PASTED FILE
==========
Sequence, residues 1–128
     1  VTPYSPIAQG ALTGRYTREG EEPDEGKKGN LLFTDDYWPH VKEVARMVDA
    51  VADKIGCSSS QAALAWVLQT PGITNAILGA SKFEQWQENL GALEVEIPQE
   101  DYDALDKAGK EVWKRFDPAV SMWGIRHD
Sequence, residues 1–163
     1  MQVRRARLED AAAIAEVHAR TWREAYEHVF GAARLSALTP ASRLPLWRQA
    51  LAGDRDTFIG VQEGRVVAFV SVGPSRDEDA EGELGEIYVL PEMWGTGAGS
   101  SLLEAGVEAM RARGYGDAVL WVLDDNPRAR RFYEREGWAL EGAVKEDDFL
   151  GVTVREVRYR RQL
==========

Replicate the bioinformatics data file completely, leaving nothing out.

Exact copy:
Sequence, residues 1–128
     1  VTPYSPIAQG ALTGRYTREG EEPDEGKKGN LLFTDDYWPH VKEVARMVDA
    51  VADKIGCSSS QAALAWVLQT PGITNAILGA SKFEQWQENL GALEVEIPQE
   101  DYDALDKAGK EVWKRFDPAV SMWGIRHD
Sequence, residues 1–163
     1  MQVRRARLED AAAIAEVHAR TWREAYEHVF GAARLSALTP ASRLPLWRQA
    51  LAGDRDTFIG VQEGRVVAFV SVGPSRDEDA EGELGEIYVL PEMWGTGAGS
   101  SLLEAGVEAM RARGYGDAVL WVLDDNPRAR RFYEREGWAL EGAVKEDDFL
   151  GVTVREVRYR RQL